Help with my restoration. Nida stringers/deck

Discussion in 'Fiberglass and Composite Boat Building' started by kpiazzisi, Oct 20, 2010.

  1. War Whoop
    Joined: Jun 2003
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    War Whoop Senior Member

    Yes they will, you have the filament running in the right direction this time,do not forget mat is omnidirectional and you need a whole bunch more of it than you would the 0-90 maybe 30+% more to get close in strength.
     
  2. apex1

    apex1 Guest

    Correct.

    But let me survive without calculating the so named "Imperial" nonsense. I am happy the world agrees on metric, I must not fall back into medieval ****.

    Sorry for the rant, but sometimes USanians need to be pissed into their own shoes to wake up.

    Regards
    Richard
     
  3. kpiazzisi
    Joined: Oct 2010
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    Location: Sarasota Florida

    kpiazzisi Junior Member

    Here are some pics of the floor. I have two layer of 12 oz biax on the top of the Nida. I have decided to do the floor in sections with the seems over the bulkheads. Once all the panels are made I will glue/fiberglass them together at the seems. Does this sound OK?

    I am going back to work tomorrow, so the momentum I gain the last couple days will slow down as I go back to the boat part time.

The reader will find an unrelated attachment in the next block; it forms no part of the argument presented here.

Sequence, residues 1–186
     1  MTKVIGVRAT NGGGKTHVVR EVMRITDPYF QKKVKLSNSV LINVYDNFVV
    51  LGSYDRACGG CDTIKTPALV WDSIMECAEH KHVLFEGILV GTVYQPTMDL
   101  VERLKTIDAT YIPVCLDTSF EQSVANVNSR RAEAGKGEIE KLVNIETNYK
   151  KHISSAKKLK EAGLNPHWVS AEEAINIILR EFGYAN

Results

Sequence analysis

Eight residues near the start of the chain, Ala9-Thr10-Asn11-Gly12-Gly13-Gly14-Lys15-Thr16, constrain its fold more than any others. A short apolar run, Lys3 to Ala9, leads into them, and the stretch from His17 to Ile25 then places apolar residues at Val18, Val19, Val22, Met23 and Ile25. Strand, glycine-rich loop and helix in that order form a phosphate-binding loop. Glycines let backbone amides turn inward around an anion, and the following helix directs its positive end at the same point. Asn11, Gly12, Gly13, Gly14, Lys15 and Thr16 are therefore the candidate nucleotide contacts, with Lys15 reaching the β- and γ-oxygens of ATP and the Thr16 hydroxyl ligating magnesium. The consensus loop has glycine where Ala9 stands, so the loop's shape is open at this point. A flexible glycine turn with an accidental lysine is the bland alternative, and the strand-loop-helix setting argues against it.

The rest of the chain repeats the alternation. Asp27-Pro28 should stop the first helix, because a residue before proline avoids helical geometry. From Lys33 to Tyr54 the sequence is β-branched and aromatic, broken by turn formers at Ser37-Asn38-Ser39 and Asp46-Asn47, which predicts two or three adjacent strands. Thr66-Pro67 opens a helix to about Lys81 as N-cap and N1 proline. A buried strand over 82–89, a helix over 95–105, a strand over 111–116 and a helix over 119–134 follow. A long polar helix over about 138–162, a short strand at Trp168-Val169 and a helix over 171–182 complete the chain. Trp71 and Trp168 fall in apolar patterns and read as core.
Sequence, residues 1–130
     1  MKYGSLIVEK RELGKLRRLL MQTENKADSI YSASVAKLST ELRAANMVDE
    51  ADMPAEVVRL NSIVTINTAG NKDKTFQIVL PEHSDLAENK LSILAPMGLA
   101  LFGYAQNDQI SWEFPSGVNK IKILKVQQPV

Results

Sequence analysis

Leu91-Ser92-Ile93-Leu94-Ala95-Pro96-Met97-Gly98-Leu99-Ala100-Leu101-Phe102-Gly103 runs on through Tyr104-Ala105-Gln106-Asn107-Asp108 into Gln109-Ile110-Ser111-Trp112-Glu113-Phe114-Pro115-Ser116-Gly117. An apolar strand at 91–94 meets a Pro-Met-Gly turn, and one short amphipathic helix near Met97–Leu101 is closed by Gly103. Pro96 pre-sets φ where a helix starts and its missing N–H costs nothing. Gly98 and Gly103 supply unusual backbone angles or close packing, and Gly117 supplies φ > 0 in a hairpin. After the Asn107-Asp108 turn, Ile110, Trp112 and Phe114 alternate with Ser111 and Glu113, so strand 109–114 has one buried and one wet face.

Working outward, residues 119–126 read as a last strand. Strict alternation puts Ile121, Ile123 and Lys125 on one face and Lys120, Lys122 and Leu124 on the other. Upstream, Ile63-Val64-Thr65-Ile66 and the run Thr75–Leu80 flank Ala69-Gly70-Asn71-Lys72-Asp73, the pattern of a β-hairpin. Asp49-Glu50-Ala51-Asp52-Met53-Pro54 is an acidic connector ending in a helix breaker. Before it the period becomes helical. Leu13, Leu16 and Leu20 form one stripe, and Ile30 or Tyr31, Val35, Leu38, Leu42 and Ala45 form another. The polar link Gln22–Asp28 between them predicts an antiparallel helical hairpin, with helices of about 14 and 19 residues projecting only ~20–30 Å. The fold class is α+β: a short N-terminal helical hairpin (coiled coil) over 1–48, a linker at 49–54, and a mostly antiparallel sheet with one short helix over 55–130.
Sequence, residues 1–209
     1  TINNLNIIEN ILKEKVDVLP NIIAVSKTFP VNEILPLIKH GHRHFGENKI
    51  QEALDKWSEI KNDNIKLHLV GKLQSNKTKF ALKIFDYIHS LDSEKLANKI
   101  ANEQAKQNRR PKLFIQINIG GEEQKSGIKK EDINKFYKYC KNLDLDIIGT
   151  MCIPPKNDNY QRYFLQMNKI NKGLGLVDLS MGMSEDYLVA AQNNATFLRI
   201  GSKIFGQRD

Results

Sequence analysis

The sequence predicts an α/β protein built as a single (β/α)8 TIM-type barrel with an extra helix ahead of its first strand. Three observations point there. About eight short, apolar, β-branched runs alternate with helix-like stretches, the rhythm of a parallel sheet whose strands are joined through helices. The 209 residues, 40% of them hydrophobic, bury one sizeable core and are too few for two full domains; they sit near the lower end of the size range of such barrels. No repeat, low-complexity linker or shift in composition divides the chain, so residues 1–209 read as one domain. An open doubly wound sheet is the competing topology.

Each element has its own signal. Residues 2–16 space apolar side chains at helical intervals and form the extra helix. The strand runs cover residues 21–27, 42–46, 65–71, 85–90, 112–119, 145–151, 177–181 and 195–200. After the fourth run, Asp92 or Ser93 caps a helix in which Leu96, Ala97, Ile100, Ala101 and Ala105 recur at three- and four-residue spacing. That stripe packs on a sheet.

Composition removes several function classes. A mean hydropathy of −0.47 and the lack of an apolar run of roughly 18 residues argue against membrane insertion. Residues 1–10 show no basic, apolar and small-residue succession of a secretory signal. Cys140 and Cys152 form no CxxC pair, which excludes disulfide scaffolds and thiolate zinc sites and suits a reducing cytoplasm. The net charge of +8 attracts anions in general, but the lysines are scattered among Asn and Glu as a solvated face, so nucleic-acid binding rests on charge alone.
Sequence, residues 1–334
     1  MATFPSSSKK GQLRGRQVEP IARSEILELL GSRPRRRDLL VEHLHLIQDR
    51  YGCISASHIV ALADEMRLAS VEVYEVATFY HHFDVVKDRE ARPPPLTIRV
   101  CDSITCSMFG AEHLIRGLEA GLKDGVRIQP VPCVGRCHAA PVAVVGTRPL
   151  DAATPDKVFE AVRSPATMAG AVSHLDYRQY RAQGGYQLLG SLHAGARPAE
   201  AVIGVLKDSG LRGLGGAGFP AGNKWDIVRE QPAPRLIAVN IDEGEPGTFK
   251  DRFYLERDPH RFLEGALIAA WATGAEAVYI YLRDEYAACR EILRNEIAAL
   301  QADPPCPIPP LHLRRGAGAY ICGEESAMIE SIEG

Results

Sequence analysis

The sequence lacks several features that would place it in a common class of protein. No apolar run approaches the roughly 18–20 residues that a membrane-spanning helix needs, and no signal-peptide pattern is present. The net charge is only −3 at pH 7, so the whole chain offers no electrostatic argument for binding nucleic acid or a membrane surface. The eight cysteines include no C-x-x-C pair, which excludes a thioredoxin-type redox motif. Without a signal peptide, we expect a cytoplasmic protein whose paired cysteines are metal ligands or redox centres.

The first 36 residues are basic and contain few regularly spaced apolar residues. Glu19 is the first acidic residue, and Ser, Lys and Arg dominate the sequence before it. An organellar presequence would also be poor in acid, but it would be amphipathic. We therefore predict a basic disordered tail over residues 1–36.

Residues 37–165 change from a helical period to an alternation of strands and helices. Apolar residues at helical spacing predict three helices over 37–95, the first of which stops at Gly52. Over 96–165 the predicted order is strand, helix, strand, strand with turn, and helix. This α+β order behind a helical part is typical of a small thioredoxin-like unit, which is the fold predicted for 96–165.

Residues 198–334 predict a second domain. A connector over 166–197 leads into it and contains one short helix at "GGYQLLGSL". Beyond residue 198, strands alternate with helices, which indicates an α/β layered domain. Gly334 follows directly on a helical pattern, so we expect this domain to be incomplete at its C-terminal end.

Attached Files:

  4. apex1

    apex1 Guest

    The result will most probably outstand the original craft by some extend...:?:
     
  5. kpiazzisi
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    kpiazzisi Junior Member

    I laminated the other side of the panel that goes over the fuel tank. It was cured today, so I placed it over the tank section and there was little to no flex when I bounded over the tank. The panel was already way stiffer then the original panels that were laminated with polyester resin and 1.5 oz mat. The panel is also way stiffer then then unlaminated Coosa board. I was pretty impressed with the results.
     
  6. War Whoop
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    War Whoop Senior Member


    You should be OK with that,no harm in a little overbuild,remember you are using glass in the best possible way. Now just work out your hard points for attachment of the seats and hardware.
     
  7. kpiazzisi
    Joined: Oct 2010
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    kpiazzisi Junior Member

    Need Help!

    I am ready to glue in the floor. I have 4 sections that basically go from bulkhead to bulkhead. The tops of my bulkhead/stringers probably are not totally perfect. If there is a section where one stringer is 1/8 -1/4 higher or lower, how noticable will that be on a boat floor? Does a boat floor have to be perfectly flat? Is there a self leveling technique to get the floor perfectly level?

    How do I go from my laminated Nida-Core epoxy panel floors to a finished aesthetic appealing floor? I have researched LPU paints, but they are so expensive. I gallon of Awlgrip is almost $300.00. This does not even include the reducers and primers needed. I have watched youtube clips of people applying the material looks like the same viscosity of water. Basically you pay $300.00 for paint that is as thin as water and half of that will evaporate into the air when it dries. The prep work has to be perfect because it's too thin to cover up any imperfection. Interlux perfection is only perfection if you spend hours and hours of fairing and prep and lot's of $ on primer.